Pascrell National FIRE Grant Program Delivers for Three Essex County Fire Departments
Over 20,000 in new federal dollars awarded by FEMA to Montclair, Belleville and Bloomfield:
Funds will pay for Firefighter Safety and Operations
[PATERSON - Rep. Bill Pascrell, Jr. (D-NJ-8th) announced today that the Federal Emergency Management Agency (FEMA) has recently awarded three municipalities in Essex County, the Townships of Montclair, Belleville, and Bloomfield, federal grants under the Assistance to Firefighter Program. The program was directly created by Pascrell's Firefighter Investment Response Enhancement (FIRE) Act, legislation signed into law by President Clinton in 2000. The funding can be used to fund training, firefighting equipment, personal protective equipment for firefighters, and wellness and fitness programs.
Over 20,000 in new federal dollars awarded by FEMA to Montclair, Belleville and Bloomfield: Funds will pay for Firefighter Safety and Operations
The Township of Montclair's Fire Department received an award last week in the amount of $$96,918, including $87,227 in new federal funding and a 10% match from Montclair in the amount of $9,691. Belleville received an award of $45,300, which includes $40,770 in federal dollars and a local match of $4,530, and Bloomfield's award totaled $83,884, including $75,496 in federal funds and a 10% match of $8,388. Montclair also received a FIRE grant last year in the amount of $4,500.
This is the second year that fire departments across America have received grants under the Assistance to Firefighters Program.
"The FIRE Act was written right here in the Eighth District specifically to help communities such as Montclair, Bloomfield, and Belleville support their first responders," Pascrell said in announcing the award.
"For too long, the federal government turned a deaf ear to the pressing needs of fire departments. These significant grants demonstrate that through our FIRE Act, we have changed that shortsighted policy. These dollars will make a big impact."
"Thanks to our bill, towns will no longer have to rely solely on raising property taxes and holding bake sales to support their first responders. Those days are over. The federal government is now a full partner with local firefighters and the taxpayers they protect," said Pascrell.
The Assistance to Firefighters Program was created by Pascrell's landmark Firefighter Investment Response Enhancement (FIRE) Act legislation, first enacted in October of 2000, and is administered by the United States Fire Services Administration (USFA) within the Federal Emergency Management Agency (FEMA). Pascrell's "FIRE Act," introduced in March of 1999, is the first comprehensive national legislation dedicated to meet the special needs of America's 32,000 volunteer, paid and part-paid fire departments.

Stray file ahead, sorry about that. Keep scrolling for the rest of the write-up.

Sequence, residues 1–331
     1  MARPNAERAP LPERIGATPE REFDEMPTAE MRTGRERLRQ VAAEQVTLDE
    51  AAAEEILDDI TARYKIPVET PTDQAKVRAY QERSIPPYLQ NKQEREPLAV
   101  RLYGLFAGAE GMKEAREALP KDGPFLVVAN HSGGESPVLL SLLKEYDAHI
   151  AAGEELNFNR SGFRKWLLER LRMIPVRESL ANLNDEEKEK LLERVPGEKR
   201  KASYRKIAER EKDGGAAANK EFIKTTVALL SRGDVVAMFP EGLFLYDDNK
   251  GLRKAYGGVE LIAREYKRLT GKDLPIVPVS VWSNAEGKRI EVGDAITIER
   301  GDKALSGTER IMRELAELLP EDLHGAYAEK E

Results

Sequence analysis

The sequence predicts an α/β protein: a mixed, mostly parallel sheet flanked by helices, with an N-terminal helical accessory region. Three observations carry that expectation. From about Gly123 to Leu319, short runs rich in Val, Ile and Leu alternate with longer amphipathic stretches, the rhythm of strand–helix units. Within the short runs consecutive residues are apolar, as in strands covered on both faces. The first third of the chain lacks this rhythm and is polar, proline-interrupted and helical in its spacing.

Other local communities that have already benefited from Pascrell's FIRE Bill include Verona, which received a $12,000 award last year, and West Orange, which received a $31,270 award earlier this year.
More than 19,500 applications were received by FEMA in this, the second year of the program. The requests totaled approximately $2.2 billion. FEMA expects to award 5,500 grants with the $360 million in funds appropriated in FY 2002.
Working with the major fire service organizations, FEMA crafted a program implementation framework that placed eligible grant activities into four program areas. Fire departments could apply for eligible activities in one of four different programs:
Fire Operations and Firefighter Safety (eligible activities include:
Training, Wellness and Fitness, Firefighting Equipment, and Personal Protective Equipment).
Fire Prevention (eligible activities include:
Public Education, Public Awareness, Code Enforcement, and Arson Prevention).
Emergency Medical Services (eligible activities include: Training and Equipment).
The maximum amount an applicant can be awarded is $750,000 during any fiscal year. As part of the application, applicants had to demonstrate financial need and articulate the benefits to be derived from the grant funds. Funding priorities for each of the activities were established utilizing recommendations from each of the nine major national fire service organizations.
America's 32,000 paid, volunteer, and part-paid departments were all eligible for the grants under the program.